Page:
The purpose of the methodology section is twofold: to provide a clear account of the procedures you followed and to persuade the reader that these steps were necessary and appropriate for achieving your research goals.

Results

The next step is to present the findings of your investigation. This section can be organized in a variety of ways, including subquestions, hypotheses, or topics. Make sure that the findings you share are directly related to your aims and hypotheses. The results and discussion sections may be combined in some fields, but in others, they remain strictly separate.

In qualitative research, such as in-depth interviews, the presentation of data is often intertwined with discussion and analysis; in quantitative and experimental research, the results should be presented separately before you discuss their meaning. Don’t guess about the best way to organize your research; instead, talk to your advisor and read through some sample dissertations.

Tables, graphs, and charts are all great tools to use in the results section. Don’t include tables or figures that merely restate what you’ve already written; instead, give the reader something new to learn or provide a helpful visual representation of the results.  You can add an appendix with all of your raw data (like interview transcripts) if you like.

Discussion

The discussion is where you dive into the significance and application of your findings to your research questions. In this section, you will be expected to thoroughly analyse the findings, explaining how they relate to your hypotheses and if/how they contradict your earlier work. Give reasons for any unexpected findings. It’s important to talk about the potential limitations of your study and other possible interpretations of the data.  In order to demonstrate how your findings contribute to the body of knowledge, you should cite relevant scholarly articles in the discussion. Add suggestions for additional study or potential next steps.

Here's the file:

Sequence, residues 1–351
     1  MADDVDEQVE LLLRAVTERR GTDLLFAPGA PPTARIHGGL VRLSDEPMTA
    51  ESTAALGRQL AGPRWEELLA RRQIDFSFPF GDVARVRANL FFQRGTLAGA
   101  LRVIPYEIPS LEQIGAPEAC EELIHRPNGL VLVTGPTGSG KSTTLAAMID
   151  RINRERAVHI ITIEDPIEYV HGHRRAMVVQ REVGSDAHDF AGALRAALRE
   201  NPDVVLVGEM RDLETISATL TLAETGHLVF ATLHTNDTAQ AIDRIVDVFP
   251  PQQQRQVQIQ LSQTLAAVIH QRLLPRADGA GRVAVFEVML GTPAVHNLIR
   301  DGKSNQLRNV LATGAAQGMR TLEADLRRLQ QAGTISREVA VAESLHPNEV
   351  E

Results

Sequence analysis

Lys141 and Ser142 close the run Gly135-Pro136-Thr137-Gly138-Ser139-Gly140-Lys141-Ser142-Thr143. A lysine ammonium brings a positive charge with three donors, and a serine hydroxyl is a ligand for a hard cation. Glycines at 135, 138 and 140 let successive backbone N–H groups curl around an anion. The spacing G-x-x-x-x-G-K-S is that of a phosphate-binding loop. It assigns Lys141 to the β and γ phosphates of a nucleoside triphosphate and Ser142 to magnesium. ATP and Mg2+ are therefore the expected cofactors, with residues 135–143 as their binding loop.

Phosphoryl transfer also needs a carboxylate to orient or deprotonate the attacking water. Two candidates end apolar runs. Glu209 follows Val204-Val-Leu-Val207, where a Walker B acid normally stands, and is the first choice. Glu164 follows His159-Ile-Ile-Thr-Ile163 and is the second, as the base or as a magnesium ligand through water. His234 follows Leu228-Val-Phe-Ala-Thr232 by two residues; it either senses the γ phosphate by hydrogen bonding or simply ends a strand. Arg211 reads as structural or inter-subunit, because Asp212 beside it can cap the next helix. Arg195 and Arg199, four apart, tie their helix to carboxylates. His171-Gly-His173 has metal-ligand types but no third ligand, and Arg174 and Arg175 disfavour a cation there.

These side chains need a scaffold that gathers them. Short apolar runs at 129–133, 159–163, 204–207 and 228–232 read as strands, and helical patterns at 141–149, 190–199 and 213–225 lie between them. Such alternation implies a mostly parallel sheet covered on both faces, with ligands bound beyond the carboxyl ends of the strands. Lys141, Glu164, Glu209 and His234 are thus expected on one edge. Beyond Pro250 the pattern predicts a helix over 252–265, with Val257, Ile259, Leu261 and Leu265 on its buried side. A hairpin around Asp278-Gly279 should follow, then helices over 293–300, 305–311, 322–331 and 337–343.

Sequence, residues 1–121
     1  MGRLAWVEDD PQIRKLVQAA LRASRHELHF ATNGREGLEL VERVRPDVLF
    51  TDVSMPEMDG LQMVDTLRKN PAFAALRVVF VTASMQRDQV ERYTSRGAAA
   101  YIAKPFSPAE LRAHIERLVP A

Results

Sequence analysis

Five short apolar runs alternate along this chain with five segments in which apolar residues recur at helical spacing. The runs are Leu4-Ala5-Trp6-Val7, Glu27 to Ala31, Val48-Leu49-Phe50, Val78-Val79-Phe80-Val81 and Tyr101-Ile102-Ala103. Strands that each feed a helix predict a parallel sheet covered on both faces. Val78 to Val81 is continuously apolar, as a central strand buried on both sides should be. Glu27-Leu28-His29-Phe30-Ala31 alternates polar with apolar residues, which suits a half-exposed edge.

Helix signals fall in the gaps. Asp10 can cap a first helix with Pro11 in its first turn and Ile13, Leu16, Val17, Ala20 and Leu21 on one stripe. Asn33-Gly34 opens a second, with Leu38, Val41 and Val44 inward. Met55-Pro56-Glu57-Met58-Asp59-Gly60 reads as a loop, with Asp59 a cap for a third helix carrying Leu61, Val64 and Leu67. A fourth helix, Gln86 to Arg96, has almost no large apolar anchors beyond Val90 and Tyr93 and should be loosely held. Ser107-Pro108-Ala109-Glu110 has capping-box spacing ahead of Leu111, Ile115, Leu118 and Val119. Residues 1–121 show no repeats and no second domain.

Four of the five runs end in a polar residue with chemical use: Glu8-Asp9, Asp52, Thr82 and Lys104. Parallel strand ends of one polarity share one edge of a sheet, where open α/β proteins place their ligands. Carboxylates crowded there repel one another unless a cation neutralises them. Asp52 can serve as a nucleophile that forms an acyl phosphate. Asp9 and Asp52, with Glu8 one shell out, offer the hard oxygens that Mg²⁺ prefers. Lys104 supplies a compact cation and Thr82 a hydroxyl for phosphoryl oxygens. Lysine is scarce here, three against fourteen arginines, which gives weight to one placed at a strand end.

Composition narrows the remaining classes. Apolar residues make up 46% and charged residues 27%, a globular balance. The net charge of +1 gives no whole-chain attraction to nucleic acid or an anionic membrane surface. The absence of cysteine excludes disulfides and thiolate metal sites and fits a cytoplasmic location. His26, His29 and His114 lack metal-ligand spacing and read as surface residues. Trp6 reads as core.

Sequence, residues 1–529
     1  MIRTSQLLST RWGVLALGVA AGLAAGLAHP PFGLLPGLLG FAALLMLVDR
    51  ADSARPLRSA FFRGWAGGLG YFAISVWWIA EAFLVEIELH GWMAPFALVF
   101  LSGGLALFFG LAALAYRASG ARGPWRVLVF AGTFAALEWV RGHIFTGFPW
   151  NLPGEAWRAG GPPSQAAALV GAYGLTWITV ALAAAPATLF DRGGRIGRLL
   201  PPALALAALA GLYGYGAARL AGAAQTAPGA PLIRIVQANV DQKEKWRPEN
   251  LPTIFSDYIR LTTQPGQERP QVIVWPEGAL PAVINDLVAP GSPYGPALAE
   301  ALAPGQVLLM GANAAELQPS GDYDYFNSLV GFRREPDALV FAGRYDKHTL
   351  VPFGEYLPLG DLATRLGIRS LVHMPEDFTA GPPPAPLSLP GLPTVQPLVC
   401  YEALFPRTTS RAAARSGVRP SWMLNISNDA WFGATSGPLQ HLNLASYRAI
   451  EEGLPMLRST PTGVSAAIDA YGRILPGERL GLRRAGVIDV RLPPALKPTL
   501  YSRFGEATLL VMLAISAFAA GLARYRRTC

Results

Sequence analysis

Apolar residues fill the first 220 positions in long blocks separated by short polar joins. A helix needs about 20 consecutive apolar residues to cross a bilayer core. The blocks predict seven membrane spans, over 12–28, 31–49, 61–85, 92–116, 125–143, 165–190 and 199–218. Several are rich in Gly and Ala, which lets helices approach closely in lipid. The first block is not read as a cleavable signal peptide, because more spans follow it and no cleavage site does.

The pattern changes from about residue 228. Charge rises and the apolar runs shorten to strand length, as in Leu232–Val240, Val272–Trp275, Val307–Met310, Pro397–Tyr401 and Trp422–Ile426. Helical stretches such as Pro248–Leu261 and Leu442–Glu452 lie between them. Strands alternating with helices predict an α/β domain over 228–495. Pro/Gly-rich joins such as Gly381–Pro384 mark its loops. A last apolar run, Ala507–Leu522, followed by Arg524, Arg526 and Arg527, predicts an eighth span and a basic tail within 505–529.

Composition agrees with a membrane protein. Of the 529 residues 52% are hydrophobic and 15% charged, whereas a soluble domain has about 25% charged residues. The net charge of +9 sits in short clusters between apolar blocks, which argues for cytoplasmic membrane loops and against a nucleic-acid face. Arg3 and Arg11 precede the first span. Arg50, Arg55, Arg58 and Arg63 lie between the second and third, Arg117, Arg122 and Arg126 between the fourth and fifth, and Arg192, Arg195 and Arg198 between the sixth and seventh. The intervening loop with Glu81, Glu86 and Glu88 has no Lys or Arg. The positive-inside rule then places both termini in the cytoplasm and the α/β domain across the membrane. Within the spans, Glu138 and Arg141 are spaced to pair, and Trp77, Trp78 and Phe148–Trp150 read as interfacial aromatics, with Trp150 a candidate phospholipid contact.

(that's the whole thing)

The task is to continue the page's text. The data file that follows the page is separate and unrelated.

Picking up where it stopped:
Conclusion

The dissertation’s conclusion should provide a clear and succinct response to the study’s central research question. The concluding chapter of your dissertation should include an analysis of your methods and results. Recommendations for future study or practice are also frequently included in the summary. Explain the significance of your study and how your findings add to the existing body of knowledge in this area. What new information have you uncovered?

A List of References

An exhaustive reference list containing information about every source you used is required (sometimes also called works cited list or bibliography). When citing sources, be sure to use the same format every time. The reference list in your paper must adhere to the strict guidelines of the chosen style.

Harvard and Vancouver referencing are the predominant styles used in UK universities. Referencing styles are often mandated by departments; for instance, APA is commonly used by psychology students, MHRA is common among humanities majors, and OSCOLA is required of law students. You should verify the prerequisites and consult your manager if you have any questions.

Appendices

Only relevant information that helps answer your research question should be included in the dissertation itself. Interview transcripts, survey questions, and tables with complete figures that do not belong in the main body of your dissertation should be included as appendices.

Bottom Line

Due to its large size, the 12000-word dissertation paper is a daunting and strenuous task. However, with proper research, writing and outlining of the content, as well as using valid and useful evidence, it can be a rewarding experience for all parties involved.